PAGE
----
If this question makes you laugh or scoff in disbelief, then think again, because how you prepare mentally for labor has a huge impact on your physical experience of birth.
Lindsey Jackson

Your perception is reality
Just imagine for a moment that you could deal with each contraction in such a way as to feel increasing excitement.

Or perhaps feel the pressure of the baby's head as a triumphant miracle arriving. For your body to be telling you "I'm ready, I'm in charge, and this is what I was meant to do . I'm built for this."

As you consider this possibility now, you are already altering your perception of the birth. Perhaps you can liberate yourself from the expectation of pain, hurt and drama regarding childbirth? Perhaps you can listen to the information about how it might be, what physical things will go on for you and decide for yourself how you are going to perceive them. You see, you have a choice. Your perception of things IS your reality. So you can choose to perceive your experience however you want to.

Of course we do need to be realistic about the many complications and variations for each woman's individual experience, so please take this article with the positive spirit with which it is meant.

Okay, so I've thrown down the gauntlet. Even though you want to entertain the idea of an enjoyable labor, you're now asking how?

Step 1: Believe you can
The first thing to sort out is your own beliefs about the labor and birth.
  • Do you believe your body can do it well?
  • Do you believe nature will help you?
  • Do you believe you have flexible enough behavior to be able to deal with whatever presents itself?
If you have less-than-helpful beliefs, they will limit you and work against you, preventing you from moving towards the kind of experience you'd really like.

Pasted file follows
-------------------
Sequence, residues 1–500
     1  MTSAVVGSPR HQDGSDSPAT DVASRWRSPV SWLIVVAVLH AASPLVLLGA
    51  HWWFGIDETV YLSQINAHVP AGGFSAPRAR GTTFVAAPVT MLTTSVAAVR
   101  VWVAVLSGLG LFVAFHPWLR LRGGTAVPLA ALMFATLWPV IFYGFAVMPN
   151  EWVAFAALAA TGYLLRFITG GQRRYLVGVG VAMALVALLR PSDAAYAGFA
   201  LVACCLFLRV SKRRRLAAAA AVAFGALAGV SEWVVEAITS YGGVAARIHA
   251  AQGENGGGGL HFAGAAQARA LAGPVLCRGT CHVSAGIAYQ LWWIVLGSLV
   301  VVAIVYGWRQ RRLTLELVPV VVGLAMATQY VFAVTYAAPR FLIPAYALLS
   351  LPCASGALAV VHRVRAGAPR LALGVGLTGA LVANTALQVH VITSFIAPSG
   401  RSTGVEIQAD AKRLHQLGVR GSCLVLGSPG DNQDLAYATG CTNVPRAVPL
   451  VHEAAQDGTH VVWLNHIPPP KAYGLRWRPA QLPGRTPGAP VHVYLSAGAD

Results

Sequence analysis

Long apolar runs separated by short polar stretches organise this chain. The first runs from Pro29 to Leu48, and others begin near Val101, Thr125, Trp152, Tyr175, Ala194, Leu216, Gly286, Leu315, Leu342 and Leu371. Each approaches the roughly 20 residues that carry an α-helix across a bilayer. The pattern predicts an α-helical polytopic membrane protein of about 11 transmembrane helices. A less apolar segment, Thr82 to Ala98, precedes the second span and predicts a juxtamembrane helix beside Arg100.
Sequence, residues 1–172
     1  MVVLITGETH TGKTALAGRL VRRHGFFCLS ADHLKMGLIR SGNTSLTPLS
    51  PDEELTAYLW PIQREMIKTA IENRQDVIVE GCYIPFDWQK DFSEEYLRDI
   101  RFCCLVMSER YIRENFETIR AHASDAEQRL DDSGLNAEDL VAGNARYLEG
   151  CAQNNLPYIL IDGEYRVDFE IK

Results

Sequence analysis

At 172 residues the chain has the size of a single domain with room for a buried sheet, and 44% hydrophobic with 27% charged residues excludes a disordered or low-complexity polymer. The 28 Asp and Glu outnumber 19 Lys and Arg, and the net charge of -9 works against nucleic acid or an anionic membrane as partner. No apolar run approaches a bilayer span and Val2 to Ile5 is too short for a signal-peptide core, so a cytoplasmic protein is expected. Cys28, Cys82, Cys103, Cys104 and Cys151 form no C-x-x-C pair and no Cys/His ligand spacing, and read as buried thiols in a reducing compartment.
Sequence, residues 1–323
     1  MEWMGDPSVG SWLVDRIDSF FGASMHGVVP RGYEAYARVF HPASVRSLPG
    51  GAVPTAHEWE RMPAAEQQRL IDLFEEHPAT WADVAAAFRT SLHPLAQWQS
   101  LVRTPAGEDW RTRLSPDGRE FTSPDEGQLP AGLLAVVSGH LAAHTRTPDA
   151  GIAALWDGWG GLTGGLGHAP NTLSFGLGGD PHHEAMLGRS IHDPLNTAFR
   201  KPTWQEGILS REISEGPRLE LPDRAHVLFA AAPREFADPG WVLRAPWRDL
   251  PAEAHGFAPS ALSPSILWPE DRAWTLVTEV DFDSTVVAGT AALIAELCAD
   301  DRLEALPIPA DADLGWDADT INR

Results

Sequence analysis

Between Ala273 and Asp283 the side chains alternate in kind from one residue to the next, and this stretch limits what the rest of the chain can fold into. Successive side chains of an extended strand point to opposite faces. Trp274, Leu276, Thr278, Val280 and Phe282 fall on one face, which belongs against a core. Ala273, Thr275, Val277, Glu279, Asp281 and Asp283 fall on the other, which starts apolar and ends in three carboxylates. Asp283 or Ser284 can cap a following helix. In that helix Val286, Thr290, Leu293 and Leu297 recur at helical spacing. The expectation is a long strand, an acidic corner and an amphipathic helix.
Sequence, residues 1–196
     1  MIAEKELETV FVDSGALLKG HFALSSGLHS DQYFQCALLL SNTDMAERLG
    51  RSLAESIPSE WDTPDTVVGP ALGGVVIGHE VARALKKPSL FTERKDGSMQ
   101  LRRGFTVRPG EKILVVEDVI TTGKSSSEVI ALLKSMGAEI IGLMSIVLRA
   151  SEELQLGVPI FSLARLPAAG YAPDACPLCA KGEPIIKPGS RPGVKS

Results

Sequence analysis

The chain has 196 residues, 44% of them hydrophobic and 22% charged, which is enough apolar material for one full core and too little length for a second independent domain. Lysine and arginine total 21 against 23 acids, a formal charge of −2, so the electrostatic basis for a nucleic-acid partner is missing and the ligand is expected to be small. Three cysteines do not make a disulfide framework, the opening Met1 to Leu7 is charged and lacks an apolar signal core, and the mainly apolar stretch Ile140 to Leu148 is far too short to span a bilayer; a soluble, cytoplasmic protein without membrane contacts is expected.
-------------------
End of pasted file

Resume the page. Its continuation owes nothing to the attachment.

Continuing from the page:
Here are some questions to help you think it through. Write down what you truly think and feel inside.

Things I currently believe about myself and my pregnancy are:


Things I currently believe about the labor and birth are:


Things I'd like to believe about myself and my pregnancy are:


Things I'd like to believe about the labor and birth are:


Things I want to let go of to make my beliefs a reality are:


Step 2: Talk kindly to yourself
Do you have a voice in your head that chats to you and comments on how you're doing? Is it a kind voice that encourages you and praises you for a job well done? Or is it sometimes critical and undermining?

As you begin to notice what it's saying and the tone it has, you can also train it to treat you fairly. Consider whether the phrases below are similar to ones you use and what they could be changed into to be your own fan club and supporter.

Negative: "I'm terrible at that." Positive: "I did my best and learned how I can do better."

Negative: "I can't..." Positive: "I'll give it a shot."

Negative: "I'll never manage to..." Positive: "I'll find a way to..."

Negative: "It's going to hurt..." Positive: "It's going to be an intense sensation..."

Negative: "I've no idea how I'll cope." Positive: "It's a new experience for me and I'm sure I'll learn from it."

Negative: "I hate change." Positive: "I'll embrace whatever life brings and roll with it."

Add your own internal dialogue examples here and decide how you'd like that voice to speak to you instead. (Think "Things I tend to say to myself" and "Better phrases to use with myself.")

Step 3: Visualize success and it will come